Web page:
The Keewatin Patricia District School Board had an update on their grad rates at last night's board meeting. Student Success Lead Scott Urquhart brought forward the board's own stats in comparison to the Ministry of Education's. He explains the big difference.

"Historically in Keewatin Patricia we've reported on graduation success of students that are in attendance with us. I guess the main difference is that when kids leave Keewatin Patricia and got to other school boards in Ontario, we now own those students for the purpose of graduation even though they're not in attendance with us," he said.

That means any students who transfer and then don't graduate still count as a non-graduate under the KPDSB statistics. According to their own data 77 per cent of students graduated in four years and 82 per cent graduated over five years.

The ministry's data showed 68 per cent of students graduated after four years and 72 per cent after five years. Urquhart explains why the ministry's methodology may effect their data so severely.

"Students who move and move frequently, generally for us produce poor graduation success. I'm not suggesting that's the case for all students. We have students who move, their parents are transferred to another community they enroll in another school board and do fine. But for students who move frequently there certainly is an impact on graduation success," he said.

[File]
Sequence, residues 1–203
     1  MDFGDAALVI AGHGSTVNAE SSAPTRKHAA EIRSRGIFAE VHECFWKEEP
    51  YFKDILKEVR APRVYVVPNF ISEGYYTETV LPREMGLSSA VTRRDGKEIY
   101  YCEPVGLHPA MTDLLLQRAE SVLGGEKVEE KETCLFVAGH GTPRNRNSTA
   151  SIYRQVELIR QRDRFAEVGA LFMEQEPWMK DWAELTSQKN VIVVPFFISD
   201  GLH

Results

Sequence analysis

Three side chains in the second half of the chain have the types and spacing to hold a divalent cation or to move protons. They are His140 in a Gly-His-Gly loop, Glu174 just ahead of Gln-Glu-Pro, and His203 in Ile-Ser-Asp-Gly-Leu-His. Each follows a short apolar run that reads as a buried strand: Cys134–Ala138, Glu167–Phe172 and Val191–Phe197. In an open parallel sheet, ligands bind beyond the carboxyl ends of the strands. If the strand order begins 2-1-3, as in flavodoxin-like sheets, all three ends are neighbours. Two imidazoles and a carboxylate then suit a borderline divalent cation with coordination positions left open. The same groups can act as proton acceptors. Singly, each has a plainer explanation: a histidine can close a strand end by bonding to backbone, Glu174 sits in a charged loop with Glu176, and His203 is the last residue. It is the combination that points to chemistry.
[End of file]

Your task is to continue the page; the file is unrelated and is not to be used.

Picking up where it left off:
Unfortunately, one of the most glaring statistics to come from all the school board's data is the gap between non-aboriginal and aboriginal students. Only 53 per cent of aboriginal students graduate in four years. That number rises to just 61 per cent over five years.

"That gap exists not only in Keewatin Patricia but it exists all across Ontario. We need, and continue to work hard to bring to our First Nations, Metis and Inuits students and their communities the relevance pieces and success pieces that are necessary for them to do well and graduate," said Urquhart.

Eighty-eight per cent of non-aboriginal students graduate after four years and 89 per cent of non-aboriginal students graduate over five years.

Urquhart added that overall  both the ministry's graduation rates and their own data is a good way to look back over the years to see if they've improved. The non-aboriginal rates have steadily increased from 81 per cent in 2010, while the aboriginal rates have fluctuated between years.

For more information:
Ministry of Education - grad rates
KCDSB celebrates grad rates